Foods: Spinach, pumpkin seeds, black beans

Vitamin K

Vitamin K is critical for bone health, and its deficiency could possibly exacerbate bone pain during withdrawal. Dark leafy greens like kale, collard greens, and Brussels sprouts are high in Vitamin K, promoting calcium binding in bones and other tissues, thereby strengthening bones and potentially reducing pain. If you are on a blood thinner, you will need to speak with your doctor about these foods as they may interfere with the medication.

Foods: Kale, collard greens, Brussels sprouts, collard greens, broccoli, spinach, cabbage

Potassium

Potassium is an essential mineral that plays a pivotal role in various bodily functions, most notably in muscle function and nerve signaling. Here’s a deeper look into how sufficient potassium intake could help reduce some withdrawal symptoms related to muscles and nerves.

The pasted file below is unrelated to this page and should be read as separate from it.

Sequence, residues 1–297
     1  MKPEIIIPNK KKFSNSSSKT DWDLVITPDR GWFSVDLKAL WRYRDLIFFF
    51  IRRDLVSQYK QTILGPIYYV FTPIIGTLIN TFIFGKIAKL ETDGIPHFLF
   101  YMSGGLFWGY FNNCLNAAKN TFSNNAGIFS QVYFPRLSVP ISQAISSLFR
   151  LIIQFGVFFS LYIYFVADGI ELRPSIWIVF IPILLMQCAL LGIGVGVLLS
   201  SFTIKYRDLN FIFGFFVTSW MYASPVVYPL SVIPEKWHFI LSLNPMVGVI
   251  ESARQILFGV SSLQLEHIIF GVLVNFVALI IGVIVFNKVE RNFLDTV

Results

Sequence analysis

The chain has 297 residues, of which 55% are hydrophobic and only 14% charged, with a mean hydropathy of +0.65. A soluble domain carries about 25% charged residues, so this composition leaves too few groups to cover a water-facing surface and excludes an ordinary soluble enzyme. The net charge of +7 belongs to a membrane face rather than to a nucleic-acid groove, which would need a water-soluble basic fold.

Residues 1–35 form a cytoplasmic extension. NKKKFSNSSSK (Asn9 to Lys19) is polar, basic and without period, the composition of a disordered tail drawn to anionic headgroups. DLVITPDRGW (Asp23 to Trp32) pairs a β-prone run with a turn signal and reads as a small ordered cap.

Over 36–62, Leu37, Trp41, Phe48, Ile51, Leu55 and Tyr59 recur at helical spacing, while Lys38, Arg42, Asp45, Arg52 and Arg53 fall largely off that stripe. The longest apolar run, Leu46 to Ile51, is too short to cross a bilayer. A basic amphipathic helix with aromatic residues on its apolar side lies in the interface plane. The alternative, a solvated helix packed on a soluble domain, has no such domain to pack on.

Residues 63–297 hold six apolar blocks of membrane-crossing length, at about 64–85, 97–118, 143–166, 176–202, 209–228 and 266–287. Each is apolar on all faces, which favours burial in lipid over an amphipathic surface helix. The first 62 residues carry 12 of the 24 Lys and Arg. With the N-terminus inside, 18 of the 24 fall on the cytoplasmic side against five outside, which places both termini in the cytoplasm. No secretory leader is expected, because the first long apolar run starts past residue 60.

Muscle Function

Potassium is critical for muscle contraction and relaxation. During withdrawal, it’s not uncommon to experience muscle spasms and cramps. These symptoms can be intensely uncomfortable, affecting one’s quality of life and general well-being. By maintaining the appropriate potassium levels in your body, you help to ensure that your muscle cells can function properly. This proper function can potentially translate into fewer muscle spasms and cramps.

Nerve Signaling

Beyond its role in muscle function, potassium is also vital for nerve cell communication. It aids in transmitting signals between nerve cells, a process that’s crucial for almost all bodily functions, including movement and sensation. During withdrawal, one might experience heightened nerve sensitivity or even pain. Optimal potassium levels can help ensure nerve cells are functioning efficiently, which might work to reduce some nerve-related symptoms experienced during withdrawal.

Worth Noting

Excessive potassium can lead to its own set of health problems, including hyperkalemia, a condition characterized by too much potassium in the blood. Therefore, it’s crucial to strike a balance and aim for an adequate yet not excessive intake of this essential mineral.